Acts 13:3


King James Version (KJV)

And when they had fasted and prayed, and laid their hands on them, they sent them away.

American King James Version (AKJV)

And when they had fasted and prayed, and laid their hands on them, they sent them away.

American Standard Version (ASV)

Then, when they had fasted and prayed and laid their hands on them, they sent them away.

Basic English Translation (BBE)

Then, after prayer and going without food they put their hands on them, and sent them away.

Webster's Revision

And when they had fasted and prayed, and laid their hands on them, they sent them away.

World English Bible

Then, when they had fasted and prayed and laid their hands on them, they sent them away.

English Revised Version (ERV)

Then, when they had fasted and prayed and laid their hands on them, they sent them away.

Clarke's Acts 13:3 Bible Commentary

And when they had fasted and prayed, and laid their hands on them -

1. They fasted: this was probably done by the whole Church.

2. They prayed, that God would bless and prosper them in their work.

3. They land hands upon them; thus solemnly appointing them to that particular work.

But was it by this fasting, praying, and imposition of hands that these men were qualified for this work? No. God had already called them to it, Acts 13:2, and he who called them had qualified them. Both their call and their qualification came from God; but he chose that they should have also the sanction of that Church of which they had been members; and therefore he said, Separate me, etc. The ordination of elders among the Jews was by three persons; and here we find three, Simeon, Lucius, and Manaen, ordaining two others, Barnabas and Saul. But how did the Jews ordain? Not by imposition of hands: this is strictly forbidden, see Maimon. Sanh. chap. 4. "After what manner is the ordaining of elders for ever? Not that they should lay their hands on the head of an elder; but only that they should call him Rabbi, and say to him, Behold, thou art ordained, and hast power of judging, etc." It is remarkable that the imposition of hands in the ordaining of elders was not used among the ancient Jews, probably never under the first temple; and rarely, if ever, under the second. See Lightfoot on this place. The Church at Antioch, however, did depart from this custom: they put their hands on the heads of Barnabas and Saul; thus designating them to be the persons whom they, under the direction of the Holy Spirit, sent to preach the Gospel of Christ to the heathen.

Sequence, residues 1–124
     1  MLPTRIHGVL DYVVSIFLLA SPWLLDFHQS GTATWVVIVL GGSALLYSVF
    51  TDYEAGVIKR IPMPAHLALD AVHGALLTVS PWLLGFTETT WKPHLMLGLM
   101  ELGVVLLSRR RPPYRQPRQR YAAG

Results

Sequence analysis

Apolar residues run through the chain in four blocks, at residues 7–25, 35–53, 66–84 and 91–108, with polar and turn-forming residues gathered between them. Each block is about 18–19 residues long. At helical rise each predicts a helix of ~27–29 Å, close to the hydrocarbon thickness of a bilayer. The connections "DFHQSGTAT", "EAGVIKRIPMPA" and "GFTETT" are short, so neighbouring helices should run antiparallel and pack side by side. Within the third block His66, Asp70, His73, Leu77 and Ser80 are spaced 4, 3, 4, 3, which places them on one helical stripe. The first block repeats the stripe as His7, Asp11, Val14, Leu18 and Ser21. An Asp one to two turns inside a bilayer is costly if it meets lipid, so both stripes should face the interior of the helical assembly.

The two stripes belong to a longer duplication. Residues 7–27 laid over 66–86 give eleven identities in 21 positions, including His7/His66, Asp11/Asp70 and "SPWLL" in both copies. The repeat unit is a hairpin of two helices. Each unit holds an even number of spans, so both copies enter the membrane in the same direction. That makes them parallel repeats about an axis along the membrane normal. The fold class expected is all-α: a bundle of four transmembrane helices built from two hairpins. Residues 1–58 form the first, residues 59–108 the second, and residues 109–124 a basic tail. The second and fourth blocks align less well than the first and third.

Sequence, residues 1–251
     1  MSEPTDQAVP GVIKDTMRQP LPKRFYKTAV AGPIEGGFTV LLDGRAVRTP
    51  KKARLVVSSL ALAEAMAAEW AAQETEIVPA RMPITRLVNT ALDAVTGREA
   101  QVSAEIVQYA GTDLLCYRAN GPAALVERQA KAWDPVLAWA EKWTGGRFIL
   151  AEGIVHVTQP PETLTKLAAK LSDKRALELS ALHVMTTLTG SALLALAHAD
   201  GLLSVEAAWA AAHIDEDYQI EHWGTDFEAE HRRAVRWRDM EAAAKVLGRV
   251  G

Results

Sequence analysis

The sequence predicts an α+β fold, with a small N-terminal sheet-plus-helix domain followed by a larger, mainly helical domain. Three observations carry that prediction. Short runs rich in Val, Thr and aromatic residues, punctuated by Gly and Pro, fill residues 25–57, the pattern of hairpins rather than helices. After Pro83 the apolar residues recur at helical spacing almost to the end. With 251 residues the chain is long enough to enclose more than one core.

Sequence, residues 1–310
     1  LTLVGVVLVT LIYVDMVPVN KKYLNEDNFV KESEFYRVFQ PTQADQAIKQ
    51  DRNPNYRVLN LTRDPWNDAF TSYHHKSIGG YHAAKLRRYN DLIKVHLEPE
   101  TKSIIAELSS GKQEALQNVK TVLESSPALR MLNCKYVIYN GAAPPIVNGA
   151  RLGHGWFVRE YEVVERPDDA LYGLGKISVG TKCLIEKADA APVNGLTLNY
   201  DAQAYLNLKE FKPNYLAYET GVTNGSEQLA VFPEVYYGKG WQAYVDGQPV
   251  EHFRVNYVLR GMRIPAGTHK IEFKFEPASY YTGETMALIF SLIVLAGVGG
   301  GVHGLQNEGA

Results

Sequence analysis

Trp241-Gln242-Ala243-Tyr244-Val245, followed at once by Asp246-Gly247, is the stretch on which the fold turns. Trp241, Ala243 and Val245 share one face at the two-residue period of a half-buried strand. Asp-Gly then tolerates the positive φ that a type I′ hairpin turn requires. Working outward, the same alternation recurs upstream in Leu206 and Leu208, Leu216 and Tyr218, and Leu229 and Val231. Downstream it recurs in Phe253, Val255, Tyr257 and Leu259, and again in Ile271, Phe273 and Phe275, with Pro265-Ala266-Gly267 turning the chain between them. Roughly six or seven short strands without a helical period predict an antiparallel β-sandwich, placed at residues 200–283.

When the Holy Spirit said, Separate me Barnabas and Saul for the work whereunto I have called them, and the elders of the Church, in consequence, prayed, fasted, and laid their hands upon them, they certainly understood that by acting thus they fulfilled the mind of the Spirit. Hence, is it not evident that, when the elders of the Church of God have good reason to believe that He has called certain persons to the work of the ministry, and qualified them for that work, they should proceed as the elders of the Church of Antioch did; and by fasting, prayer, and imposition of hands, separate those persons for the work whereunto God has called them. Such persons will consider themselves accountable to God and his Church, and should take care how they use the gift and authority received from both. Is it not being wise above what is written to say, "When God has called and given authority, there is no need of ordination or appointment from man?" I would just ask the objector, Why, then, when God had called Barnabas and Saul to the work, did he command the Church to separate them to him for that very work? And why did they, in obedience, fast, pray, and lay hands upon them? I shall dispute with no man about the superior excellence of the episcopal or presbyterian form in ordination: if all the preliminaries be right, they may be both equally good, for all that I have ever been able to learn to the contrary; but that there should be some proper scriptural form attended to, I am fully satisfied. Besides, if the plan of the Church at Antioch were regularly and faithfully followed, in sending forth the ministers of the Gospel, no man can prove that God would not own them in an especial manner, and more particularly prosper their work. But, O ye rulers of the Church! be careful, as ye shall answer it to God, never to lay hands on the head of a man whom ye have not just reason to believe God has called to the work; and whose eye is single, and whose heart is pure. Let none be sent to teach Christianity, who have not experienced it to be the power of God to the salvation of their own souls. If ye do, though they have your authority, they never can have the blessing nor the approbation of God. "I sent them not: therefore they shall not profit this people at all, saith the Lord." Jeremiah 23:32.